Where Gambino gangsters go to die: Inside Staten Island’s mob cemetery

Where Gambino gangsters go to die: The Staten Island mafia cemetery where the body of mob boss Frank Cali now lies in a two-tiered mausoleum near other high-ranking associates

  • Francesco ‘Franky Boy’ Cali now lies in a crypt in the Hillview Mausoleum at the Moravian Cemetery 
  • It is a coveted spot which can cost up to $61,000 per person or more for families
  • Nearby, former Gambino boss Paul Castellano lies in a different mausoleum in a crypt on the second floor
  • He was shot dead in 1985 as he entered Sparks Steakhouse with Thomas Bilotti, who had driven him there
  • Their murders were plotted by former boss John Gotti who took over the family afterwards 
  • Also buried in the cemetery is Frank DeCicco, Gotti’s number two who was killed by a car bomb in 1986 
  • Gotti, and other mobsters from the family, are buried at the St John’s Cemetery in Queens  
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Frank Cali, the Gambino family boss who was buried on Tuesday in a secretive funeral on Staten Island, has taken his place among other mafia legends in the cemetery where he was laid to rest. 

Cali, 53, has been entombed in a coveted spot on the lower level of the extravagant Hillview Mausoleum in the Moravian Cemetery in New Drop.

The cost of his crypt and the quiet funeral service was $45,000 which was reportedly paid with a suitcase full of cash.

Nearby lie other former bosses including Paul Castellano, who was gunned down in 1985 in an infamous ambush outside Sparks Steakhouse. He lies in a second-floor crypt in another mausoleum. 


The bodies of four Gambino family mobsters are at the Moravian Cemetery in New Drop, Staten Island, including Francesco ‘Franky Boy’ Cali who was laid to rest on Tuesday. He is in a mausoleum as is former boss Paul Castellano but Frank DeCicco and Thomas Bilotti, who held lower ranking positions, are buried in the ground 


Frank Cali’s casket is in one of the crypts in the Hillview Mausoleum, shown. It is not yet marked with his name. His funeral was on Tuesday 


Cali’s casket is in this extravagant mausoleum in the Moravian Cemetery which overlooks the bay 

In a nearby plot is the grave of Thomas Bilotti who had driven Castellano to the steakhouse the night he was murdered.


Francesco ‘Franky Boy’ Cali, 53, was killed last week outside his home 

He was gunned down getting out of the car too and the grisly scene was photographed shortly afterwards.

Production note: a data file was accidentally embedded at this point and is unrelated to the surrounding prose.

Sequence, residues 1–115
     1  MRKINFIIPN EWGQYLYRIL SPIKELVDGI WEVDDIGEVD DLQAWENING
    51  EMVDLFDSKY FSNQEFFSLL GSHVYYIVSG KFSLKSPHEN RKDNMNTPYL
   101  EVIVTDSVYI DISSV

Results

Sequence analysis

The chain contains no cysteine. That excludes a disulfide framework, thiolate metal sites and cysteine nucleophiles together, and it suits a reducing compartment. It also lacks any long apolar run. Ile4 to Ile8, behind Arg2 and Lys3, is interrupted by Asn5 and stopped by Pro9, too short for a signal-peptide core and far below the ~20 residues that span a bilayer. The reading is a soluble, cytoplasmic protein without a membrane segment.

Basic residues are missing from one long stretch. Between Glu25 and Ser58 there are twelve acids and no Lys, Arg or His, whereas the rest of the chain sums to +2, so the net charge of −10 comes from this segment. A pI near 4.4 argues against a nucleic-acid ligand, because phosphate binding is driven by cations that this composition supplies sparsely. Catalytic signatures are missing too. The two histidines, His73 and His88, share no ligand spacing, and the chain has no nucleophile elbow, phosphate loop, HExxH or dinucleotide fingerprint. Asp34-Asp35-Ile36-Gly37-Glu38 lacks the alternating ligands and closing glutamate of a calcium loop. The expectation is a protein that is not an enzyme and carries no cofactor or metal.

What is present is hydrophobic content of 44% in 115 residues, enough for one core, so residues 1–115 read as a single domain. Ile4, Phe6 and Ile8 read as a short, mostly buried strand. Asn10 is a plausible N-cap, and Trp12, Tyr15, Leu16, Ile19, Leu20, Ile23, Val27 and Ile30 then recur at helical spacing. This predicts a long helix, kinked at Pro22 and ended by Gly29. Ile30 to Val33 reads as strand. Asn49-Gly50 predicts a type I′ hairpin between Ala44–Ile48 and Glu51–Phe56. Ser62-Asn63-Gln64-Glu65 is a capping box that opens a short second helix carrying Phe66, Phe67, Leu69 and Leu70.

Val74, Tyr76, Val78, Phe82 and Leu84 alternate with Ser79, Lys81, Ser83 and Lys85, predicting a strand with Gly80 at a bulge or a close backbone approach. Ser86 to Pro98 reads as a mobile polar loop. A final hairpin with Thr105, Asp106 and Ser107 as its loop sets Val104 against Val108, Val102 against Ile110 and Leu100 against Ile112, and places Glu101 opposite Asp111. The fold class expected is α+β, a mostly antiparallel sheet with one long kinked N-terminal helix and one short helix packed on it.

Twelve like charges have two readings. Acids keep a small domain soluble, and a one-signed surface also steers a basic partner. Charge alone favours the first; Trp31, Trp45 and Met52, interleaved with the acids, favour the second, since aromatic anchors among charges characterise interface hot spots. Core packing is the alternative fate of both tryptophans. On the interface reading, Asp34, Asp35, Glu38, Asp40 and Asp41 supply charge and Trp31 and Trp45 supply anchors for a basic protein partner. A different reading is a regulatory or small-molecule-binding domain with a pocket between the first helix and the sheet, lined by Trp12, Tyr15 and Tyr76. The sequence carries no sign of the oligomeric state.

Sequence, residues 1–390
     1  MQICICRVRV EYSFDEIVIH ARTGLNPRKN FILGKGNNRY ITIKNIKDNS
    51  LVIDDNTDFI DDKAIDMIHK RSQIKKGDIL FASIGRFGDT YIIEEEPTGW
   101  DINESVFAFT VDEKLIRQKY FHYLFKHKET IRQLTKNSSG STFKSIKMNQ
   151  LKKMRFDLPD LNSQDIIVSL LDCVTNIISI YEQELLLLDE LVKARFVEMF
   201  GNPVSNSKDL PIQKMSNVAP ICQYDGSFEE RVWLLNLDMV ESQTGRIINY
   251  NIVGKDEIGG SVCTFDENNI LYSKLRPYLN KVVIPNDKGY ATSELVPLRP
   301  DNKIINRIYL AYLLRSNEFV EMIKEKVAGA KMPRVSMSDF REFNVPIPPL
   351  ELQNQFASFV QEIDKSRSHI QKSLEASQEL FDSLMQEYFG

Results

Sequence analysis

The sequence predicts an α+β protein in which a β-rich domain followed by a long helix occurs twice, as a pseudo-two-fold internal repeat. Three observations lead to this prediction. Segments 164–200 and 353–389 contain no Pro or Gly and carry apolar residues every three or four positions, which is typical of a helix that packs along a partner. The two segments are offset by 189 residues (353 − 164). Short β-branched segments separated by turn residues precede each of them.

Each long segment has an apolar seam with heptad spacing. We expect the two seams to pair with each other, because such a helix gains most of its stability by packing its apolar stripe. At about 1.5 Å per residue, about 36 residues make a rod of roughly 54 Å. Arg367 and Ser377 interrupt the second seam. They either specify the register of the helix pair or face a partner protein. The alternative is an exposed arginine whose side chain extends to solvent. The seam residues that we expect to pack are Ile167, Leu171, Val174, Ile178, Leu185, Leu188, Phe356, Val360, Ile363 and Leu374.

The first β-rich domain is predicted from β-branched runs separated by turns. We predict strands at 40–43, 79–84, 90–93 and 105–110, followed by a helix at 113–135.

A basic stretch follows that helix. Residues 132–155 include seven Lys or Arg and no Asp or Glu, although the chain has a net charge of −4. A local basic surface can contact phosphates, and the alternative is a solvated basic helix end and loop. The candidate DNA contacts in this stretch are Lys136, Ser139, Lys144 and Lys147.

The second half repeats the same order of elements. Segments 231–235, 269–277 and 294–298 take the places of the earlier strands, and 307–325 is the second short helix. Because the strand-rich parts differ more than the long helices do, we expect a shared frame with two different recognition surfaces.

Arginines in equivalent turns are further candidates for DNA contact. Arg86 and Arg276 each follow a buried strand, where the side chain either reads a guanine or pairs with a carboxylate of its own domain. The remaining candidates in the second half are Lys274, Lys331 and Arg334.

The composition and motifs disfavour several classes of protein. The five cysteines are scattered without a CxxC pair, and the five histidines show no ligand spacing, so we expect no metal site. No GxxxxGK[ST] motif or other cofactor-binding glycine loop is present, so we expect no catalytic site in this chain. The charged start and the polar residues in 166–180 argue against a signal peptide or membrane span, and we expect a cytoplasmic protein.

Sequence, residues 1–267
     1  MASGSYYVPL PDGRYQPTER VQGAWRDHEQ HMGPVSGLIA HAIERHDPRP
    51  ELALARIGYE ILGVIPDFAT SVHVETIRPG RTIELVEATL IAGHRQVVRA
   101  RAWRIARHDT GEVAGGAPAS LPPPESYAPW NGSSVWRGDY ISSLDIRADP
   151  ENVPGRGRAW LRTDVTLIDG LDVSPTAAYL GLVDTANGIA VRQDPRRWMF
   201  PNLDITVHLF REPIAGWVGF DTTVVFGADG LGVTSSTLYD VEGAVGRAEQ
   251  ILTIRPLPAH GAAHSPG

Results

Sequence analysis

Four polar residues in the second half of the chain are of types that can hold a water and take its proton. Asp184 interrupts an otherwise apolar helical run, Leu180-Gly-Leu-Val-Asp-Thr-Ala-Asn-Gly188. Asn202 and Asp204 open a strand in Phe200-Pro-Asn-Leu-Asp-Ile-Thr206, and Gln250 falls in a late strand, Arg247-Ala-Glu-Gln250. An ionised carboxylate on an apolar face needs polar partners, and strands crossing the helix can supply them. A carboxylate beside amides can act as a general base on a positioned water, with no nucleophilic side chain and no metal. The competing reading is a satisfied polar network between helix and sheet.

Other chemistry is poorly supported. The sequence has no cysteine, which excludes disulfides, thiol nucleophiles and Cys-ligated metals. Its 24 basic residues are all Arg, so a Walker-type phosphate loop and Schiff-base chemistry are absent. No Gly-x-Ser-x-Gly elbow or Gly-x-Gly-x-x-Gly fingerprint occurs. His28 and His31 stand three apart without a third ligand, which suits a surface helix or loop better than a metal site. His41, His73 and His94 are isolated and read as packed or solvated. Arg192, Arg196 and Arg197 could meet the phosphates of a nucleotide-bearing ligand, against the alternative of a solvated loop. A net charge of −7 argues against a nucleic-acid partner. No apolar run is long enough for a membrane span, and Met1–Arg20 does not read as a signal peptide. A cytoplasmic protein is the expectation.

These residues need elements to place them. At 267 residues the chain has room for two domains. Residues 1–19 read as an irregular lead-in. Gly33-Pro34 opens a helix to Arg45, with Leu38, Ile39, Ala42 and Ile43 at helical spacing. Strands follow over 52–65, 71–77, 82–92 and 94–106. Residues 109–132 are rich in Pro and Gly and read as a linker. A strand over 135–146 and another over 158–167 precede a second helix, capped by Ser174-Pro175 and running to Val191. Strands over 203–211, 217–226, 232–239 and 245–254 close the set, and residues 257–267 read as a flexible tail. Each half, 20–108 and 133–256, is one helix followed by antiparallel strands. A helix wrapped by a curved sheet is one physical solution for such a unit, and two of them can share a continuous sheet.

Bilotti’s grave is among others in an open part of the cemetery. 

Their deaths were ordered by the ambitious late boss, John Gotti who died in prison in 2002 and is in a different cemetery.

Gotti plotted their deaths as part of his takeover of the family after the death of boss Carlo Gambino. 

To his dissatisfaction, Gambino had appointed Castellano as his successor when he died in 1976. 

Castellano was known more for his business acumen and interest in white collar crime than he was for his brawn and Gotti, a Maverick who was selling drugs behind his back and against his wishes, had no appetite for it.

He arranged their deaths then assumed control of the family. 

The killings are two of the most notorious in New York mafia history. 


Thomas Bilotti was shot dead outside Sparks Steakhouse in Manhattan in 1985. He had driven boss Paul Castellano there in an ambush set up by John Gotti. His grave is in the main section of the cemetery. There is space for his wife, Donna


The body of Thomas Bilotti is shown outside the Sparks Steakhouse in Manhattan where he and Paul Castellano were gunned down in 1985 in a hit ordered by John Gotti


Paul Castellano’s body was found on the other side of the car. The pair were gunned down as they got out of the vehicle before they had a chance to enter the restaurant 




Paul Castellano (left) was the Gambino crime boss from 1976 until 1985, when he and Thomas Bilotti (right) were gunned down getting out of their car at the Sparks Steakhouse 

Their bodies were left in the street, next to the car Bilotti had driven them in, for hours afterwards.  

Gotti’s number two, Frank DeCicco, was blown up in a car bomb explosion the following year which he narrowly avoided. DeCicco is also buried in the cemetery in New Drop. 

The failed assassination on Gotti contributed to his nickname, The Teflon Don. He was meant to be in the car with DeCicco but decided not to go at the last minute. 

Gotti died in 2002 in prison after a lengthy cancer battle. He is buried in St. John’s Cemetery in Queens along with other members of the family. 


Frank DeCicco is buried with his wife Rosemarie and their son, Vincent, who died in 2008 in a plot near the mausoleums. DeCicco died in a car bomb explosion in 1986 shortly after John Gotti took power of the family 




Frank DeCicco was John Gotti’s underboss and was blown up in a car bomb that was intended for Gotti in 1986.  John Gotti, the Teflon Don, died in prison in 2002. He is buried at a different cemetery in Queens

While Castellano, Bilotti and DeCicco were murdered in unmistakable hits from their rivals, Cali’s death remains somewhat of a mystery. 

The man accused of killing him – Anthony Comello – is yet to offer a motive. He appeared in court this week with MAGA forever written on his hand. 

Sources have claimed their dispute may have been over Cali’s apparent refusal to allow Comello to date his niece. 

His funeral on Tuesday was monitored by police who photographed men carrying his body out of a funeral home and racing towards the cemetery. 

Afterwards, a reporter who had gone into the cemetery to ask questions was reportedly confronted by one of the mourners who said: ‘Get the f**k out of here before I blow your f*****g head off.’  


The mausoleum where Cali’s body is held is holds a few thousand, coveted spots for crypts and niches for urns 

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